Reviewed by: Jamey Hughton
What's it about
When genetic experimentation goes haywire, New Zealand’s sheep develop a taste for human flesh.
Is it good movie?
I’ve been excited to see BLACK SHEEP since I first heard about it. How could I not be; it’s a horror film about mutant sheep on the rampage, and as a special bonus, the makeup and special effects come courtesy of Peter Jackson’s WETA Workshop. While it’s not a home run, the film delivers on the promise of its unavoidably hilarious concept with over-the-top gore, a witty script and very solid first-time direction from Jonathan King.
The hero of the film is Henry (Nathan Meister), who has suffered from a severe phobia of sheep since a defining moment of his childhood, when his brother Angus scared the living piss out of him by donning a bloody sheepskin for a practical joke while the boys were simultaneously being informed that their father had suddenly died. Now completely traumatized by anything that goes “Baaaaaa”, Henry returns to the farm years later to sell his share of the land. Brother Angus (Peter Feeney), meanwhile, has poured a lot of funds into toying with the DNA of the local sheep to create the perfect wool-producing machine. When two animal rights activists (Danielle Mason and Oliver Driver) stumble upon the laboratory conducting the heinous experiments, they steal a vial of toxic waste, which is naturally spilled. A mutant sheep fetus (which humorously recalls the zombie baby in Jackson’s hilarious DEAD ALIVE) comes crawling out and begins the spread of a zombie-like infection to the local flock.
The film expertly blends the use of puppets, animatronics and at times hundreds of real sheep to create a roaming squadron of woolly death. The fine folks at WETA are enthusiastically up to the task of creating many old-school prosthetics and splattery gore effects that include unspooled intestines, chewed-off lips and devoured limbs. There are plenty of good gags, both visual and in the dialogue. At the end of one sequence, a sheep drives a truck over a cliff and that sight, combined with the sheep “baaaaaa”-ing as he plummets to his death, had me in hysterics. And when one character asks Henry exactly what the phobia is that he suffers from, he responds, “Oh nothing, just the completely unfounded and irrational fear that one day THIS is going to happen!”
King opens the movie with picturesque shots of the gorgeous New Zealand landscape accompanied by a stirring orchestral score, as though he is setting up a serious drama. The fact that he refrains from going totally overboard into campy nonsense actually helps BLACK SHEEP a great deal. The film puts on a veneer of taking itself seriously, but it obviously does not. King knows you’ll be laughing at the absurdity of sheep as blood-thirsty predators so he doesn’t bother beating us over the head with lame comedy. He sets up many nice shots and obviously knows his way around a camera, which helps a great deal as well.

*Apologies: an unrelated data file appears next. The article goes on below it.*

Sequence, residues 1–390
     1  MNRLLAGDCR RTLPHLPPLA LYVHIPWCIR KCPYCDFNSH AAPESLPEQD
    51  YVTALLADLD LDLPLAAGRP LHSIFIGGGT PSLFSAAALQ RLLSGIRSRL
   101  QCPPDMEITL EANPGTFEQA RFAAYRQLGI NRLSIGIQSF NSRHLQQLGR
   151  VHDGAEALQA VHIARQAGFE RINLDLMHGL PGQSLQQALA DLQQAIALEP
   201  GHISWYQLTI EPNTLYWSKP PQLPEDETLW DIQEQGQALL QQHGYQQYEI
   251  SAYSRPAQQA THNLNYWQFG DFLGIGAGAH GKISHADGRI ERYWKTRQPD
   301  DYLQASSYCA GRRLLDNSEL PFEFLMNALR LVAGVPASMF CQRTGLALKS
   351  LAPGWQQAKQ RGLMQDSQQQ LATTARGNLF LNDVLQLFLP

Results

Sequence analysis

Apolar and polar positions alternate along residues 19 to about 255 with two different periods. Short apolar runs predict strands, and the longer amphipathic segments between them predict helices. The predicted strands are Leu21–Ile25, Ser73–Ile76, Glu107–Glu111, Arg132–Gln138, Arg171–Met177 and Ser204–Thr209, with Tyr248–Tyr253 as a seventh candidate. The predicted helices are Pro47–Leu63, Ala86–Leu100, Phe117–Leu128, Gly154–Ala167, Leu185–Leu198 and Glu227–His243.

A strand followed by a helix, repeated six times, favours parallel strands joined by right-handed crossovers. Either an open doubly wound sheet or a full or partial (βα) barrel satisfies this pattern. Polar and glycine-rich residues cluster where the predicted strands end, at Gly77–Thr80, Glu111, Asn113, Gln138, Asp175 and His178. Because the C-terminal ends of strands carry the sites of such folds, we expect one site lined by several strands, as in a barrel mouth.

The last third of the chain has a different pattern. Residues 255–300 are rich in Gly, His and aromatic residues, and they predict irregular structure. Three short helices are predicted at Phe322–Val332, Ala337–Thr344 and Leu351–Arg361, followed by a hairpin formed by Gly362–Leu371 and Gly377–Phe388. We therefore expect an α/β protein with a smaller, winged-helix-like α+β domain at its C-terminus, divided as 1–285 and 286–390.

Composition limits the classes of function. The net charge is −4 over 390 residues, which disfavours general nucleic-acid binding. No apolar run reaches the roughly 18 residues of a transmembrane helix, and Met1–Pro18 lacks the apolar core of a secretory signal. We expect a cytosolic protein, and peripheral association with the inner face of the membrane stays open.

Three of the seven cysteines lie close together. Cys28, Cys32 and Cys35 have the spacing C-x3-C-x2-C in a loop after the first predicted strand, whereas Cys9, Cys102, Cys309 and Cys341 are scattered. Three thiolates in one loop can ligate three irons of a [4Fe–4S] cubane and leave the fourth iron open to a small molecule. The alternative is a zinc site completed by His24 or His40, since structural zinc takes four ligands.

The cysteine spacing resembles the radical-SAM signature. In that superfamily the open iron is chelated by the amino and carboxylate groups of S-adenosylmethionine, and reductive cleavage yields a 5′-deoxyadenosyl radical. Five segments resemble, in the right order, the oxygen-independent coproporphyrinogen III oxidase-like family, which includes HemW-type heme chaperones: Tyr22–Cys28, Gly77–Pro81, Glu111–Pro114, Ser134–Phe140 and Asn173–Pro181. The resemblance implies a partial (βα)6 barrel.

One thing King has not yet mastered is the notion of pacing. Some of the action and suspense could have happened at a much faster clip. BLACK SHEEP takes a bit too much time setting itself up for the main course, and toward the end spirals out of control with additions of were-sheep and various other plot contortions that don’t totally work.
The cast is certainly game. Meister makes for a likable wuss, and I’m pretty much in love with sweetie pie Danielle Mason. Tammy Davis also makes a good impression, and steals a few scenes, as farmer friend Tucker.
Video / Audio
Video 2:35:1 Widescreen presentation
Audio English or French 5.1 Dolby Digital Surround, with optional English, French and Spanish subtitles
The Making of Black Sheep Fantastic 30-minute documentary that mostly delves into the effects work done by WETA, and the stuntwork in the film. The director and stars obviously had a lot of fun making the movie, which proves to be contagious.
Blooper Reel Three minutes of quick goofs from filming. Mildly amusing.
Five Deleted Scenes that don’t contain anything too juicy, just a bit more exposition about the toxic waste that creates the mutant sheep.
Early Morning a brief scene shot for the DVD.
Commentary by writer/director Jonathan King and star Nathan Meister As affable and informative as you could hope for from a commentary by a couple of Kiwis. There’s barely a moment of dead space between the two as they recall the fun of shooting.
The Film’s Trailer
While not a great film, BLACK SHEEP has a lot of fun with the premise of murderous sheep and contains some truly priceless moments of tongue-in-cheek humor, along with plenty of stuff for the gross-out crowd. Call your buddies, buy a case, and enjoy.